• Immediately initiate a staged release of a portion of the $7 billion in frozen reserves to address the humanitarian crisis and to resuscitate Afghanistan’s economy: Releasing a portion of Afghanistan’s currency reserves would provide a desperately needed lifeline to millions of Afghans on the brink of starvation. Furthermore, it would incentivize financial service providers to process a larger number of Afghanistan-related transactions. As Afghanistan reels from an enormous macroeconomic collapse that includes a liquidity crisis, rising food prices, and a tumbling currency, it is clear that humanitarian assistance is necessary but insufficient. The release of funds should begin immediately. The Biden Administration should seek to release substantial portions of these funds in a manner that would help rebuild Afghanistan’s economy, such as by facilitating dollar auctions at Afghanistan’s central bank, or through other appropriate mechanisms. Furthermore, the release must be done in a staggered manner and be tied to comprehensive auditing and controlling mechanisms derived in consultation with UN and other humanitarian organizations. The disbursements of subsequent tranches of funds should be made contingent upon the thorough assessment of their usage in order to ensure the funds are not diverted to human rights abusers or for purposes other than supporting Afghan livelihoods.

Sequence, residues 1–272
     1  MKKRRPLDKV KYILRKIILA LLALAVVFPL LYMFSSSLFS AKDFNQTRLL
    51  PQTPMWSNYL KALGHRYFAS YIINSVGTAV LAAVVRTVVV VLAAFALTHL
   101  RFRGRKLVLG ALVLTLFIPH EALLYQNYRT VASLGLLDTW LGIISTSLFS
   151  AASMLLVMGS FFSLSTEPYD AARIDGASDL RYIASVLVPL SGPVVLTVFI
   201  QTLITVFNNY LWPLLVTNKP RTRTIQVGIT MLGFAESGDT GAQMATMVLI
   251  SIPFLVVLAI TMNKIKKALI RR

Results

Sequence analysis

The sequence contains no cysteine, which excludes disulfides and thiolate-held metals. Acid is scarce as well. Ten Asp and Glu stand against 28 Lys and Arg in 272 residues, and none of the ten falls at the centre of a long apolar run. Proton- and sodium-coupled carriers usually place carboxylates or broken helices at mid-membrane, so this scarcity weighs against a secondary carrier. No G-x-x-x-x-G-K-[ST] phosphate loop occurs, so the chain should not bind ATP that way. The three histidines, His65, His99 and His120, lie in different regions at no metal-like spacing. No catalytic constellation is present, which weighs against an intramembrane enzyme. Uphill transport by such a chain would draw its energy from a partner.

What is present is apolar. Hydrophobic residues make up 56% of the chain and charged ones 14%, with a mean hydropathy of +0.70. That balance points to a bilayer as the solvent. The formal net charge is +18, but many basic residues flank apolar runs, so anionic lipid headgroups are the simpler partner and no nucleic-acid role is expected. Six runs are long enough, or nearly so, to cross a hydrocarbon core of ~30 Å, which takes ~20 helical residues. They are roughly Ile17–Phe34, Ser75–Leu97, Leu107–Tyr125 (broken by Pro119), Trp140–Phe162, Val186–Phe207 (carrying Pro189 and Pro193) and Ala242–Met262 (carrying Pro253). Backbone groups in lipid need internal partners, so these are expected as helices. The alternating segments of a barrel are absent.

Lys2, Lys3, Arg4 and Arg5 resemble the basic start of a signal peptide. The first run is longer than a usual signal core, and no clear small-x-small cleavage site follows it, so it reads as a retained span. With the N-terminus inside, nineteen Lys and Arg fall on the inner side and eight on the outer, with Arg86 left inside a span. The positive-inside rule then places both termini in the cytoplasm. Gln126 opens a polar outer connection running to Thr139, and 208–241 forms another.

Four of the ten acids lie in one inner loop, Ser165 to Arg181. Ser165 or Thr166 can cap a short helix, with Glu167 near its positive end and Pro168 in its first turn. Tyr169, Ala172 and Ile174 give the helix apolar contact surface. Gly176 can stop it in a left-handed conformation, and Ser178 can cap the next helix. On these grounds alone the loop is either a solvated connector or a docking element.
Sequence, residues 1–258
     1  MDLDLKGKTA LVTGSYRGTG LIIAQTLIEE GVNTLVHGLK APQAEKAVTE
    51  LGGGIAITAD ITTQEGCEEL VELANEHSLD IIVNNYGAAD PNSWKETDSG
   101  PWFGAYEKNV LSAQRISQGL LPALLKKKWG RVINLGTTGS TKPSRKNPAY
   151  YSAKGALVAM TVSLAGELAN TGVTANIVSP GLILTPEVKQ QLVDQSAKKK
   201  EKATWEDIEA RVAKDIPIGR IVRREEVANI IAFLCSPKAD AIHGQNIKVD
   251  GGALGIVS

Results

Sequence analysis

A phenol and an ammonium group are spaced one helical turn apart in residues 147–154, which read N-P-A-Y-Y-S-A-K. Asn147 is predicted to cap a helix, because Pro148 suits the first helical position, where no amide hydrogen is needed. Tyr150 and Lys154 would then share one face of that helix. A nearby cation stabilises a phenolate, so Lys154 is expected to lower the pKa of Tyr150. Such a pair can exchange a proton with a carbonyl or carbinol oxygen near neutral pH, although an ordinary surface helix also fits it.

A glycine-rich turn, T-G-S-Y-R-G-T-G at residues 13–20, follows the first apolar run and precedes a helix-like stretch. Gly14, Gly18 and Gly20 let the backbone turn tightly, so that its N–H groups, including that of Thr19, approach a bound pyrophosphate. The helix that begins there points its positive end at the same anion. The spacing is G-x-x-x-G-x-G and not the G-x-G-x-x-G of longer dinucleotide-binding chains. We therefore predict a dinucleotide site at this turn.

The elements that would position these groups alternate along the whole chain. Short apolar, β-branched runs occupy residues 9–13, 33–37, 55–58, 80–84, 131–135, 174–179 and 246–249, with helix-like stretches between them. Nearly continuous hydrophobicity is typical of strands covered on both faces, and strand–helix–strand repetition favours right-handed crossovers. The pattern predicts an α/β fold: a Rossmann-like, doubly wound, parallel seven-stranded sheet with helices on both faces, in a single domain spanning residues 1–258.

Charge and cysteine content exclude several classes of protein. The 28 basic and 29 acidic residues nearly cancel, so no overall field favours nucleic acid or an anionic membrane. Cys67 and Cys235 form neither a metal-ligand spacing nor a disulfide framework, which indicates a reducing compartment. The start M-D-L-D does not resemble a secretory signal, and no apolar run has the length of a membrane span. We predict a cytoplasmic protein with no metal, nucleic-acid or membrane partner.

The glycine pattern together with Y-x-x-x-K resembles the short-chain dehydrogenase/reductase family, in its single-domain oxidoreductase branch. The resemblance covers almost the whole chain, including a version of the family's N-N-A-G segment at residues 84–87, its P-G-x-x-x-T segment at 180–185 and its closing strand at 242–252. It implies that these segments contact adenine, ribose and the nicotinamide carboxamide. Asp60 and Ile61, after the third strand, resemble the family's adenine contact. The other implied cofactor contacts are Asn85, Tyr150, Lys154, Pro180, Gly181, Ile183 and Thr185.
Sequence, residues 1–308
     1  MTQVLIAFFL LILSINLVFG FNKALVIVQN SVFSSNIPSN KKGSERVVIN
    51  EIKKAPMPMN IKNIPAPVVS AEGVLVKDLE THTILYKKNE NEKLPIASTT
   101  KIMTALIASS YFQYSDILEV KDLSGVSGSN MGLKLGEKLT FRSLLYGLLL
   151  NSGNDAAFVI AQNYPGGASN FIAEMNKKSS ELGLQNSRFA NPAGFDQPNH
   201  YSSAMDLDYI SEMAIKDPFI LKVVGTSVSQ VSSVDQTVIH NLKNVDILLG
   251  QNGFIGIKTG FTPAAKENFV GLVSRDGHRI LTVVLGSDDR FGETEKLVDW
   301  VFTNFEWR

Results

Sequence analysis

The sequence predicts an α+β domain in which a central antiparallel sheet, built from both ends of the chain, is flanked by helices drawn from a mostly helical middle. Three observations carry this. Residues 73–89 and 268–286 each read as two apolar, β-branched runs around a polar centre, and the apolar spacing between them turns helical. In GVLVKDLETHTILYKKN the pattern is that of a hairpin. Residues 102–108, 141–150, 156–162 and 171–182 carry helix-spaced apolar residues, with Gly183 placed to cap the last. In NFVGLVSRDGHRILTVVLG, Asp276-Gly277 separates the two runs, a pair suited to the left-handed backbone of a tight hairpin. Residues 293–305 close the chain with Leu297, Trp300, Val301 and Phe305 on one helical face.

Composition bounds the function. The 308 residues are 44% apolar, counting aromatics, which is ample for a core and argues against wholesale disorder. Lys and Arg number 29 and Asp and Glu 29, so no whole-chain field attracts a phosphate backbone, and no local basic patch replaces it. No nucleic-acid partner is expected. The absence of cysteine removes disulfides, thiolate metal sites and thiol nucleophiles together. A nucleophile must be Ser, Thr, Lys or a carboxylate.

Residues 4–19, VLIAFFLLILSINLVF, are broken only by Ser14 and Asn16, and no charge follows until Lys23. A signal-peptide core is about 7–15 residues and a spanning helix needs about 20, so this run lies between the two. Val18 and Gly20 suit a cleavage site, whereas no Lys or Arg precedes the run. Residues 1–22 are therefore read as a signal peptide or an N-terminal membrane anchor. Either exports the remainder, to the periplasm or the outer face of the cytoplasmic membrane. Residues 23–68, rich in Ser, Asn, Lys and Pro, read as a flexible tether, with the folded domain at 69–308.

• Lead an international effort to rebuild Afghanistan’s financial capacity: Afghanistan cannot escape financial catastrophe so long as its fundamental institutions are in ruin. The Biden Administration must instruct its representatives at the UN to advocate for the creation of a UN-led committee of experts. The committee would designate and oversee an intermediary third party to provide Afghans with the technical capacity necessary to receive and process transactions, institute financial controls, and prevent diversion of funding to rights abusers.
  • Communicate effectively with banks and financial service providers on what Afghanistan-related financial transactions are permitted: To avoid running afoul of U.S. sanctions law and taking on additional compliance risk, many financial service providers around the world are currently refusing to process most transactions with Afghanistan, including those allowable under Treasury Department regulations. This practice, known as “de-risking,” hampers Afghans’ ability to access items necessary for their survival. The Biden Administration must launch a senior-level effort to clarify what transactions are permitted under the law and encourage banks and other financial service providers to facilitate humanitarian efforts.